We all eat quickly on the go to get when we need to get somewhere. Time is a commodity in today’s society, so sometimes that snack can only be eaten while multitasking. However, a recent study has come out suggesting that those who walk and eat at the same time, are more prone to weight gain. Thus, our multitasking abilities may be not as efficient – or as healthy – as we believe.
Multitasking isn’t the answer
Recently, the University of Surrey has conducted research and found those who eat on the go are more prone to increasing their food intake later in the day, which could lead to weight gain. The study suggests that walking is a distraction which impacts our ability to process how eating shapes our hunger.
It’s as if our brains forgot that we have eaten because it was focusing on our body’s activity. We feel hungry sooner (and more intensely) later on – the multitasking blocks one’s mind from feeling as if he or she consumed the food they ate earlier.
Within the study, the idea unfolds that if we do not focus on our food while we are eating, we will be more likely to take part in mindless eating, failing to track the food we are consuming because we are multitasking, which could then cause many to see weight gain.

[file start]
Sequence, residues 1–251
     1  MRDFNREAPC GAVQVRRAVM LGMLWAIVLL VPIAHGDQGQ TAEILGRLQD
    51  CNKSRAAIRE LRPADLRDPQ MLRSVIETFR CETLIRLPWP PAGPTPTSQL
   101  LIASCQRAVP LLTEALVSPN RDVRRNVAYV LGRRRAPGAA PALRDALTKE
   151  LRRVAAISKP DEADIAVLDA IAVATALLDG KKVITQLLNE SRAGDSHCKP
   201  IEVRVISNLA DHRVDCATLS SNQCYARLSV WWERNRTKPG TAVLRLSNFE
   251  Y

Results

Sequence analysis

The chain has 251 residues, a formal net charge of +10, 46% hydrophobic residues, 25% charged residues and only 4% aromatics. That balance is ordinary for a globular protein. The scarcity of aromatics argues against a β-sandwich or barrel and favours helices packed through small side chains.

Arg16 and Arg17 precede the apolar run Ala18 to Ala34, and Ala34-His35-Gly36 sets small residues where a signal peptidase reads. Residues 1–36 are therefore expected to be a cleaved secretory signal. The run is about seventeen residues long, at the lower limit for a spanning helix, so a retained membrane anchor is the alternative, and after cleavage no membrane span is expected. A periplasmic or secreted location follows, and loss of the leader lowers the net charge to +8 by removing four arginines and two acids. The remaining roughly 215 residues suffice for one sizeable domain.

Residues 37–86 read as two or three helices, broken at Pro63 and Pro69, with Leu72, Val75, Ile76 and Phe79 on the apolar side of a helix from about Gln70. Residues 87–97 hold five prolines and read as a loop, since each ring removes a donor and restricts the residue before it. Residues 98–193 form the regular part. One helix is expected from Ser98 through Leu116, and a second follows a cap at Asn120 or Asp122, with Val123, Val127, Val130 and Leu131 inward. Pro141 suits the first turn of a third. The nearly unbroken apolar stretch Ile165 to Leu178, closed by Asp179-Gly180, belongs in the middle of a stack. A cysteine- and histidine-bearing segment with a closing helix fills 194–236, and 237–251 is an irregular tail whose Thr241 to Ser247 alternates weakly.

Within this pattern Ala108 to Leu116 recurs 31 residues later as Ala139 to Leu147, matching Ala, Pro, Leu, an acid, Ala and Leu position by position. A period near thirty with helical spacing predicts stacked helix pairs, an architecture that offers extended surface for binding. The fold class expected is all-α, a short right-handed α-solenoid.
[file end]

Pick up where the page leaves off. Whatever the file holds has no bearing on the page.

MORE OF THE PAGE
Or sometimes, we believe we can eat a little more as a reward for walking rather than taking other forms of transportation, but really we eat more calories than we might have burned walking.
The reason this could lead to overeating later in the day is because our minds are not realizing we are eating when we are on the go or even just standing. Also, a lot of the time, the foods we can eat on the go tend to be unhealthier, compared to those you’d prepare as a sit-down meal.
In order for our brains to realize we are fueling our bodies, the healthiest option would be eating at your desk at work if you can, preparing your lunch the night before, or trying to declutter your schedule, even if you only give yourself 15 minutes to eat.
Eating on the go will only block our bodies’ realization that we are in fueling it, leaving us wanting more food later than we typically would. Consider making time to eat beforehand, dodging the risk of only eating more later.